Greta’s face colored bright red when the name dropped from my mouth. Mrs. Gorvitch leaned across the tea table toward her friend.

“What’s wrong, Greta?”

Greta picked up an illustrated magazine and began fanning herself, but she stopped and looked at me. “First,” she said, “that woman is not a lady.”

“No, ma’am. ’Course not.”

“Second, and I’ve told you this before, and you ought to know by now, that people don’t show up without a reason. There’s a plan to everything. Nothing’s ever ‘accidental’ in this electrical world. People come and they pass on for a reason. Everything –”

“Yes, ma’am. Everything flows and seeks valence.”

“That’s right,” she said and then thought for a moment, biting her lower lip. She said to Mrs. Gorvitch: “Marcus probably brought her in. He’s always up to something.” Then back to me she said: “And third, I would appreciate a glass of water, why don’t you quit squirming around in your chair like that and go get me some?”

*     *     *

I ran out to the outhouse and forgot about the water for Greta. Instead, I went out to the fields. I ran so far I forgot who I was for a minute and I stood in the field with all the grasses waving their arms and fuzzy heads in the wind. The breeze patterned the fields as if it was God’s hand, smoothing down the velvet cloth of the earth so it was showing all one color, and then shoving it back the other way, making patterns of the wide fields for the hell of it. Out on the edge of my sight, I saw the heat dancing on the horizon. The edge of the world waved with all the heat that was busy sucking the sweat out of my forehead. I’d forgotten my hat. I squinted my eyes up and thought I could see arms waving out there: Somebody waving at me in every direction I looked.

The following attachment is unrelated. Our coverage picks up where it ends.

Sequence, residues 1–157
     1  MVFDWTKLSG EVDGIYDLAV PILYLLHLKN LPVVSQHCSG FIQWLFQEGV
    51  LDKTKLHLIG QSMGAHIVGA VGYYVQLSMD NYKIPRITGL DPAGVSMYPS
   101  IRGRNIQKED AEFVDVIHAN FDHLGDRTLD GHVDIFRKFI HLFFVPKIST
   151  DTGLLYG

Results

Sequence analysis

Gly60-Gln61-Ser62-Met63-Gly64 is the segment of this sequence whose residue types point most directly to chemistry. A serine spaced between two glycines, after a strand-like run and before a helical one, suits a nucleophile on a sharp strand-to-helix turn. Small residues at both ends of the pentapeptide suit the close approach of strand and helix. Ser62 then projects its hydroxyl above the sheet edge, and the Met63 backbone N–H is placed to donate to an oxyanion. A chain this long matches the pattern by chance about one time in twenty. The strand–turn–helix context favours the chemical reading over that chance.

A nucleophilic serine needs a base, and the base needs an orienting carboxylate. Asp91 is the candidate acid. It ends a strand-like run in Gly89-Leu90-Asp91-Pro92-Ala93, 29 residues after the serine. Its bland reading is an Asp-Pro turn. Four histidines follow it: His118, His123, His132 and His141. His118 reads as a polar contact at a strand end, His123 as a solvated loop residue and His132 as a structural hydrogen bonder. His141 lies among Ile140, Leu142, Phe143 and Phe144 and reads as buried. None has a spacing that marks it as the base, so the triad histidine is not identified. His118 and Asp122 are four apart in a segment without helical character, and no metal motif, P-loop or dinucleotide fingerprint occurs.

When my mother was still walking about the earth, she would have had me in the electric chair at least once a week to make sure my valence didn’t get unbalanced. Some days I felt anymore like those grasses in the field – pushed this way and that, repelled by one body’s electrical charge, only to be attracted by another’s. If you’ve never done it, I recommend an afternoon in the chair as it is a wonderfully spiritual exercise to have all your electrical energies spinning in harmony with the world. Sometimes as I sat in the chair, feeling the thrum of the machine rising through my body, I could feel a rise in the pulse of energy as though it were the swelling of tomatoes in our power plant heaving a gentle sigh of exhaustion and green desire. I wondered what a tomato might desire and when I asked my mother that she didn’t say anything for a while, and then I remembered her laugh, clear as the heat out there on the horizon. I wondered if it was because I was in the chair getting electrocuted that she laughed like that. Maybe she was thinking the tomatoes were doing the talking – just as she used to say the liquor did most of the talking in our bar. She then told me that those fluctuations I felt were the “sweeping wings of the solar wind.” Maybe that’s a desire that the tomatoes are aware of. It sounded like something a tomato would like.

Editor’s Note: Richard Russo selected Calamity’s Child as the winning entry in our Chapter One Contest. Here  are the first 20 pages of Ducey’s novel.